Retail giant Amazon has begun selling chilled and frozen food products online amid speculation it is to launch a full-scale assault on the grocery market.
The US-owned firm now offers a range of 50 to 60 products to customers in London and Birmingham using its ultra-fast Prime Now service which allows items to be ordered for delivery within 60 minutes.
Among the products are low-fat butter, Cathedral City cheddar, Chicago Town pizzas, Ben & Jerry ice creams and Bird’s Eye fish fingers. They are among 10,000 products offered on the Prime Now service.
Amazon said: “Prime Now customers already benefit from ultra-fast delivery on everything from essentials like bottled water, coffee, and nappies to must-have products like the latest video games and devices.
“We are excited to be adding a range of chilled and frozen items to this selection as we continue to expand the number and variety of products that can be ordered for delivery within 60 minutes.”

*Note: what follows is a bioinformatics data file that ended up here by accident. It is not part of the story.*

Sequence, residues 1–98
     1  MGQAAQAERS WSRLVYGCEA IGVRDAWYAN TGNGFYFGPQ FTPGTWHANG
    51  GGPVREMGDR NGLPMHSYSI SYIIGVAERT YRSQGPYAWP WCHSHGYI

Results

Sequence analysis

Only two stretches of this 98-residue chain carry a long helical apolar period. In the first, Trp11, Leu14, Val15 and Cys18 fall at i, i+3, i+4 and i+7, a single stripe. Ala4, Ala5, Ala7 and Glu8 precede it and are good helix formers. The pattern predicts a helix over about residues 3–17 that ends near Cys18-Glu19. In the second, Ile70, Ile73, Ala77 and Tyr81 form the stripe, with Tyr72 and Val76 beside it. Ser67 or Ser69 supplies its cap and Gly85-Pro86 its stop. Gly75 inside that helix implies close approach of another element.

But a spokesman declined to comment on a report in trade publication Retail Week that it was gearing up for a full grocery launch early next year.
A roll-out of the online delivery service could be seen as a new threat to the big four supermarkets Tesco, Sainsbury’s, Asda, and Morrisons, already under pressure from discounters Aldi and Lidl.
There has already been speculation about such a move after it leased a former Tesco warehouse in Surrey.
Amazon came to prominence as an online bookseller before moving into a much wider range of items and even making TV shows.
It launched its Amazon Fresh food operation in the US in 2007. There has been anger over the retailer’s tax affairs. In May it emerged the firm’s UK arm paid just £11.9m (€16m) in tax last year, despite taking £5.3bn in sales from British shoppers.
It recently faced criticism over alleged poor treatment of workers in a New York Times exposé, though boss Jeff Bezos reportedly told staff in an internal email: “I don’t recognise this Amazon and I very much hope you don’t either.”
Amazon employs more than 7,000 staff in the UK.
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